How To Re-Write” began with the admonition: “Don’t Revise, Re-Write!”. The first instinct of screenwriters is to finish a first draft and then “tweak it” every time you get notes, so I wanted make clear my position that the second draft should almost always be a complete re-write of the first. This might easily apply to the third and fourth drafts as well.
But, let’s face facts. Though I’m reluctant to admit it, in the end you do get to a place where you need to start tweaking, and that’s a whole different set of skills, so let’s talk about those in this series.
In the previous series, we looked at ways to overhaul your plot and characters. It’s important to tackle those changes first, before you waste any time refining the language or trimming individual scenes. After all, once those overhauls start to snowball, everything is going to change, and you don’t want to find that you’ve fallen in love with some well-polished scene that now has to go.
Buy by the time you’re actually ready to revise, the personality of the main characters and the general order of events are pretty much locked in. The changes you’re making here are less likely to snowball, so now you can start sharpening each plot point, punching up every line of dialogue, highlighting the theme, etc.
But you’re still going to be cutting scenes, cutting minor characters and/or combining them, and maybe even cutting out sub-plots. When doing so, it’s good to keep in mind...
Step 1: The Only Way Out is Through
As a general rule, it’s best to cut out anything that doesn’t move the story forward. Always interrupt your characters before they get a chance to apologize, skip over fallout scenes, and remove any repeated beats.
In The Fast and the Furious, Paul Walker infiltrates Vin Diesel’s gang and seduces his sister. Later, he has to dramatically confess to the sister, in the middle of a crisis, that he’s a cop. Sometimes afterwards, she reveals the secret to Diesel and his gang, but we never see that scene, despite the fact that it was presumably quite intense, because, for the audience, it would be a repeated beat.
What’s even more remarkable is that, even when they finally confront each other, Walker and Diesel don’t discuss the betrayal! That would be “fallout”, and the script doesn’t need it. The discussion at that end is entirely about whether Walker will arrest Diesel, without any “You betrayed me!” recriminations about the past. A great way to speed things up is to keep your characters talking about what’s going to happen, not what happened previously. The audience won’t miss it.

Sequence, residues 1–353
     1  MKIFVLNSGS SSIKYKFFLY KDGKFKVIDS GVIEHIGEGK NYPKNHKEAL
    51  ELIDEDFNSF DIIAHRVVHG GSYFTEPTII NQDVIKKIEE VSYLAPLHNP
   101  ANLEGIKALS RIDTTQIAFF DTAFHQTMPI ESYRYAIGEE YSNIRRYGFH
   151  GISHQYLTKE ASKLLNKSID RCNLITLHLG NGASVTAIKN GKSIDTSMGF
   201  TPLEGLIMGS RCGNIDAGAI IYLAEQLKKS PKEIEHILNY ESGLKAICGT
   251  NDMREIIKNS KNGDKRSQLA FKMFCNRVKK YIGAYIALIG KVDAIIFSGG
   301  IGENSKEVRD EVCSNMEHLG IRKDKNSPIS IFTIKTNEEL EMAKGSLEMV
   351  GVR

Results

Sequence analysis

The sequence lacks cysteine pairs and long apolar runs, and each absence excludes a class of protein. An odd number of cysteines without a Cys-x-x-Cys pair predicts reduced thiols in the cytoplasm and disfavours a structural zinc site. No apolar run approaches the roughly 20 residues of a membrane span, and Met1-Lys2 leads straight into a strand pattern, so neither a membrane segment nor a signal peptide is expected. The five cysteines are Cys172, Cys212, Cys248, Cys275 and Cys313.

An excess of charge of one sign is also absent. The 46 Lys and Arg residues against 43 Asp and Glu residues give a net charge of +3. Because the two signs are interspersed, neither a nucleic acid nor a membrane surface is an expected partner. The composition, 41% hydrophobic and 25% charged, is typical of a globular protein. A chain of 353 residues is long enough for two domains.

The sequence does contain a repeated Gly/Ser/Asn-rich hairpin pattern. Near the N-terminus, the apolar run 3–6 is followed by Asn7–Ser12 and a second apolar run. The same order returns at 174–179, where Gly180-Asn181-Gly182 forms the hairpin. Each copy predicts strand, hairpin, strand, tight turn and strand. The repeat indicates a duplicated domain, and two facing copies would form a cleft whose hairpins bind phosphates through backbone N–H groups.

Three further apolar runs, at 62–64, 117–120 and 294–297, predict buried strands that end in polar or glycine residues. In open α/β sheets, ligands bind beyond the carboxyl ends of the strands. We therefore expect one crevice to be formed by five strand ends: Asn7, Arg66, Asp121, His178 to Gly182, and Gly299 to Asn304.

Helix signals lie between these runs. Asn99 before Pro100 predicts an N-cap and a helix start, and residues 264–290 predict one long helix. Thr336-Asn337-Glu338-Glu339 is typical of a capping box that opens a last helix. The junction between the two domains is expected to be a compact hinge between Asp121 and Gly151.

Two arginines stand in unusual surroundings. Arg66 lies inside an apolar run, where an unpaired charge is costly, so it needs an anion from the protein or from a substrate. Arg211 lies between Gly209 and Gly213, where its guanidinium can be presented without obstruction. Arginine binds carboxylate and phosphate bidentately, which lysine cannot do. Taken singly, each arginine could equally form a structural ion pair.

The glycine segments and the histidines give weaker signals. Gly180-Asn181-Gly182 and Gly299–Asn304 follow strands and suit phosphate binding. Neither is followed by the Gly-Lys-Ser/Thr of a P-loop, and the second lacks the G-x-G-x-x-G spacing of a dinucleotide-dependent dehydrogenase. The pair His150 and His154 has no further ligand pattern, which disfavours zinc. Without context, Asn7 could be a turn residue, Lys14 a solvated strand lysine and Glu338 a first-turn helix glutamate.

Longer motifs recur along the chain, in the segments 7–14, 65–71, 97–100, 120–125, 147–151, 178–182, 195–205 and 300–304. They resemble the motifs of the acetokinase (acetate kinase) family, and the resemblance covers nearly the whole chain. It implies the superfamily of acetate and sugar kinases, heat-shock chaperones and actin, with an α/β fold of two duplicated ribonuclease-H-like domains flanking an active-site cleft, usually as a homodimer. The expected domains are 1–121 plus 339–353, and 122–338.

Next, step 2: Cut ten more pages out...
Doesn't the timing of these sorts of revisions often depend on how close to shooting a script really is? Because I feel like I've heard a number of screenwriters talk about deliberately leaving in certain fallout scenes and repeated beats as connective tissue for their distracted early readers. Otherwise they'll get notes from producers and actors about missing that stuff.
Certainly, producer sometimes demand fallout scenes that aren't necessary, but they also hate overlength screenplays, so I always slim them down as far as possible. If they want me to add unneeded scenes, they can pay me to write them.
But, on a larger issue, the whole strategy of "leave in something for them to cut out" really dates back to the era of the two-step deal, when producers had a strong financial incentive to only ask for one round of changes. These days, producers ignore WGA contracts and demand endless changes, so trying to game the system doesn't work.
And of course, what always happened was that writers would leave in a bad scene just so that they'd cut it, and then that would turn out to be the producers' favorite scene.
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